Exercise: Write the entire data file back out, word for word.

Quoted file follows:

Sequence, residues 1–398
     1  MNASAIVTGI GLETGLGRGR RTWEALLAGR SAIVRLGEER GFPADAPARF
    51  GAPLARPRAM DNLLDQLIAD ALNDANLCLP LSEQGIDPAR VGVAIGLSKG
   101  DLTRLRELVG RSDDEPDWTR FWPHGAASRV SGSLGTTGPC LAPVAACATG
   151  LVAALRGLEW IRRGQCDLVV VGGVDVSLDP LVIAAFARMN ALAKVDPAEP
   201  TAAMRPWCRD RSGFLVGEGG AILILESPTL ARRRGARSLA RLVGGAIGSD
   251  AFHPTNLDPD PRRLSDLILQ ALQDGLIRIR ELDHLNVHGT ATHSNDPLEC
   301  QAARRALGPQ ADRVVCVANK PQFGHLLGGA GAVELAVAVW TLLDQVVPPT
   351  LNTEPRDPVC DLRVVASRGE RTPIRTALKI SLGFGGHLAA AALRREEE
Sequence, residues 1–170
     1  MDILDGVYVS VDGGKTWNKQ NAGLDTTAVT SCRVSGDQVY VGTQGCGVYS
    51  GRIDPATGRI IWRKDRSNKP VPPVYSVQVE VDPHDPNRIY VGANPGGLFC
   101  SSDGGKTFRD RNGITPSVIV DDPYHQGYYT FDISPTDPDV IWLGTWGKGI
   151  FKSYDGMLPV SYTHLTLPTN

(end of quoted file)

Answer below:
Sequence, residues 1–398
     1  MNASAIVTGI GLETGLGRGR RTWEALLAGR SAIVRLGEER GFPADAPARF
    51  GAPLARPRAM DNLLDQLIAD ALNDANLCLP LSEQGIDPAR VGVAIGLSKG
   101  DLTRLRELVG RSDDEPDWTR FWPHGAASRV SGSLGTTGPC LAPVAACATG
   151  LVAALRGLEW IRRGQCDLVV VGGVDVSLDP LVIAAFARMN ALAKVDPAEP
   201  TAAMRPWCRD RSGFLVGEGG AILILESPTL ARRRGARSLA RLVGGAIGSD
   251  AFHPTNLDPD PRRLSDLILQ ALQDGLIRIR ELDHLNVHGT ATHSNDPLEC
   301  QAARRALGPQ ADRVVCVANK PQFGHLLGGA GAVELAVAVW TLLDQVVPPT
   351  LNTEPRDPVC DLRVVASRGE RTPIRTALKI SLGFGGHLAA AALRREEE
Sequence, residues 1–170
     1  MDILDGVYVS VDGGKTWNKQ NAGLDTTAVT SCRVSGDQVY VGTQGCGVYS
    51  GRIDPATGRI IWRKDRSNKP VPPVYSVQVE VDPHDPNRIY VGANPGGLFC
   101  SSDGGKTFRD RNGITPSVIV DDPYHQGYYT FDISPTDPDV IWLGTWGKGI
   151  FKSYDGMLPV SYTHLTLPTN